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Which plot is the adsorption isobar for chemisorption where $x$ is the amount of gas adsorbed on mass $m$ (at constant pressure) at temperature T?

Last updated date: 13th Jun 2024
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Hint: The adsorption involving a chemical reaction between the surface and the adsorbate is called chemisorption. It can also be regarded as a chemical reaction occurring between the adsorbate and the adsorbent.

Complete step by step answer:
During chemisorption, new bonds (ionic or covalent) are generated at the adsorbent surface. It includes processes like corrosion and reactions using heterogeneous catalysts. It requires activation energy in order to occur. It is an irreversible process and can be regarded as a chemical reaction occurring between the adsorbate and the adsorbent. As chemisorption requires activation energy so like any other chemical reaction, we can say that by increasing the temperature, chemisorption increases, i.e. $\dfrac{x}{m}$ increases.
Adsorption is also a spontaneous reaction, i.e. it occurs at room temperature. So, we can say that the bond formation energy between the adsorbate and adsorbent is low. This also means that adsorption is an exothermic reaction. As we know that according to Le-Chartelier’s principle, as the temperature of an exothermic reaction is increased, the reaction proceeds backwards, i.e. in this case, adsorption decreases. So with increase in temperature, $\dfrac{x}{m}$ also decreases.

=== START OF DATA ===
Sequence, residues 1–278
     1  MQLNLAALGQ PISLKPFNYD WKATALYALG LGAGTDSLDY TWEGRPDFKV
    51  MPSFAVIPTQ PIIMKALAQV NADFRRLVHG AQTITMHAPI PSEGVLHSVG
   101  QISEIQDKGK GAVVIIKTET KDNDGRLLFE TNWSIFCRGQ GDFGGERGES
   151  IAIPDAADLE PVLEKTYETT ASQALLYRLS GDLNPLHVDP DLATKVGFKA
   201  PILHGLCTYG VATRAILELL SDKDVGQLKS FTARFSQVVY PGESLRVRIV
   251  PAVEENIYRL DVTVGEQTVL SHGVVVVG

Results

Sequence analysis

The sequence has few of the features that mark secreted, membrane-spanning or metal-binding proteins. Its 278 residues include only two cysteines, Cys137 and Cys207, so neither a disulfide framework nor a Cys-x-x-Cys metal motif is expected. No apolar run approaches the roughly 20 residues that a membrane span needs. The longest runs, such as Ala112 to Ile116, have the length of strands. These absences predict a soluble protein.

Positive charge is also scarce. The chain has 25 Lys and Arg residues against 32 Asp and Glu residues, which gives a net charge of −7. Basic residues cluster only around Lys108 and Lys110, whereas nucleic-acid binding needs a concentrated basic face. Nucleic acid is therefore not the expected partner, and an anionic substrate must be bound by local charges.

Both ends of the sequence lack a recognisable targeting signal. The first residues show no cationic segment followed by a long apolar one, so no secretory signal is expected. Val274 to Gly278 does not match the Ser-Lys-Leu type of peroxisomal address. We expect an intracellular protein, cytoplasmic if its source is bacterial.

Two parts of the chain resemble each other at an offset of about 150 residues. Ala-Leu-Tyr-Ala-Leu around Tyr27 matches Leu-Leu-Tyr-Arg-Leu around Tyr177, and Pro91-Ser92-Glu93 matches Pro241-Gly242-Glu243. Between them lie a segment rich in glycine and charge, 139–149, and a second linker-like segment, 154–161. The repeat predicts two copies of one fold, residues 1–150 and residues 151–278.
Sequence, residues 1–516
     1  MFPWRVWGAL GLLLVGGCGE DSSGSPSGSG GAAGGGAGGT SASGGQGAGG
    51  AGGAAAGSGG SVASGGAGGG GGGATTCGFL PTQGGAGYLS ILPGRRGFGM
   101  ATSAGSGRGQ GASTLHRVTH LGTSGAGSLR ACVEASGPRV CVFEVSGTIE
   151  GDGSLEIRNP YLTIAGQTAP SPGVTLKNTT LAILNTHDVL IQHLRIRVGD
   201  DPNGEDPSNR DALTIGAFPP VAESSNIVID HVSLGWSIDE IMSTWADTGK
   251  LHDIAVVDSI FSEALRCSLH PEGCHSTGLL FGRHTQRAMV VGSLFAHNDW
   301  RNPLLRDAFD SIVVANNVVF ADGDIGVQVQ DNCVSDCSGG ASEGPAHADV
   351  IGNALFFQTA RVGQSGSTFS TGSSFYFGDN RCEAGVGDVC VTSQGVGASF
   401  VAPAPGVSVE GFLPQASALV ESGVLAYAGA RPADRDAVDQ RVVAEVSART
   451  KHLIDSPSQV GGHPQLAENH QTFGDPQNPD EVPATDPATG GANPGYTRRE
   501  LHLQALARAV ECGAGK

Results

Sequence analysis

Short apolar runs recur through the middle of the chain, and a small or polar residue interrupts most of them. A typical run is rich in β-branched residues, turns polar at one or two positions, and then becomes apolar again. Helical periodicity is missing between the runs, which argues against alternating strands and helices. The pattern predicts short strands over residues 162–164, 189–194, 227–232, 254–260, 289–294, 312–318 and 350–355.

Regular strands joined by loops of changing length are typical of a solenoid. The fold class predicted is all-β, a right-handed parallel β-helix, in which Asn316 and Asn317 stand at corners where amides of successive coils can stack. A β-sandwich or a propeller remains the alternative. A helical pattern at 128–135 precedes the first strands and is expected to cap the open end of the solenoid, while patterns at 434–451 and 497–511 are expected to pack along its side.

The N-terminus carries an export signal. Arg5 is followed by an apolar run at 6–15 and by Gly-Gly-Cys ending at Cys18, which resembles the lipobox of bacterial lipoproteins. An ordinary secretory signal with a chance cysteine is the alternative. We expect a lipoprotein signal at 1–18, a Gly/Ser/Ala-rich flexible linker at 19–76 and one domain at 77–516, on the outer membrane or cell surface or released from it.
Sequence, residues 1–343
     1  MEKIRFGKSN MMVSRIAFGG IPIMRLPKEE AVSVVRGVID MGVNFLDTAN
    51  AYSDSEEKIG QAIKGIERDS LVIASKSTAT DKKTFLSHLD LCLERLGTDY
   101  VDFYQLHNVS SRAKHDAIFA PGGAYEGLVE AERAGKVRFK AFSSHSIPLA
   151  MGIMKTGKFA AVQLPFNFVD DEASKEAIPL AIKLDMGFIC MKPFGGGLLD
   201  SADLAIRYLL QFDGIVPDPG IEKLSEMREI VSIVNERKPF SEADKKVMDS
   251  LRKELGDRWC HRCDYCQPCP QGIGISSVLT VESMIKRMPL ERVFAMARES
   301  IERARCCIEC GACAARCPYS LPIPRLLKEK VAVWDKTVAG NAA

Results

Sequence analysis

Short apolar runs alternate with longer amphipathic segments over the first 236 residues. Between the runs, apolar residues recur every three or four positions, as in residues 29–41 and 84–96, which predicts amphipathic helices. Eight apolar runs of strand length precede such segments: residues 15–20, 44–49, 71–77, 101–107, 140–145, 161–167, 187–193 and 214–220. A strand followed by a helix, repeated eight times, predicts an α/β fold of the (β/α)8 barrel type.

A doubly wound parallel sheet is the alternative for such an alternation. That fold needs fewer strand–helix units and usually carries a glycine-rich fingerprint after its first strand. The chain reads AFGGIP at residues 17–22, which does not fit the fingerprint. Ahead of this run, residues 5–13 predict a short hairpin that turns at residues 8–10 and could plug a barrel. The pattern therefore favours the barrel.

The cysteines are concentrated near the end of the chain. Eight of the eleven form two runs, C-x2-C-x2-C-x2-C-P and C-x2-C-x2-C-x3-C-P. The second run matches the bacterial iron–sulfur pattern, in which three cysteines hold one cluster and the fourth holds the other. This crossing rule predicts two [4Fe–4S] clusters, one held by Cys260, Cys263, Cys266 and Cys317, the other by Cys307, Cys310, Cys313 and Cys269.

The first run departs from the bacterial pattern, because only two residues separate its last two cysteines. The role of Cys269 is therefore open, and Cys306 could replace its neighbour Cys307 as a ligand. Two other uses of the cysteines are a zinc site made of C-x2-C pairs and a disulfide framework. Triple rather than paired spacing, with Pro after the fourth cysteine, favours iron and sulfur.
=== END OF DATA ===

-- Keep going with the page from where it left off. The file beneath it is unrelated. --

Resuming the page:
So, combining the two factors, we can conclude that if we increase the temperature, in the case of chemisorption:
$\dfrac{x}{m}$ increases as heat is absorbed by the particles in the system to achieve required activation energy and thus, higher rates of adsorption.
$\dfrac{x}{m}$ decreases after a certain point when all the particles already possess the required amount of activation energy, as adsorption being an exothermic process decreases with increase in temperature.

The correct option is option D, i.e. $\dfrac{x}{m}$ first increases and then decreases.

In the case of physisorption, the bonds formed are due to Vander Waal force of attraction. The reaction is reversible and not dependent on activation energy and thus, only decreases with the increase in temperature. In the case of chemisorption, the factors of both activation energy and exothermic process are taken into account.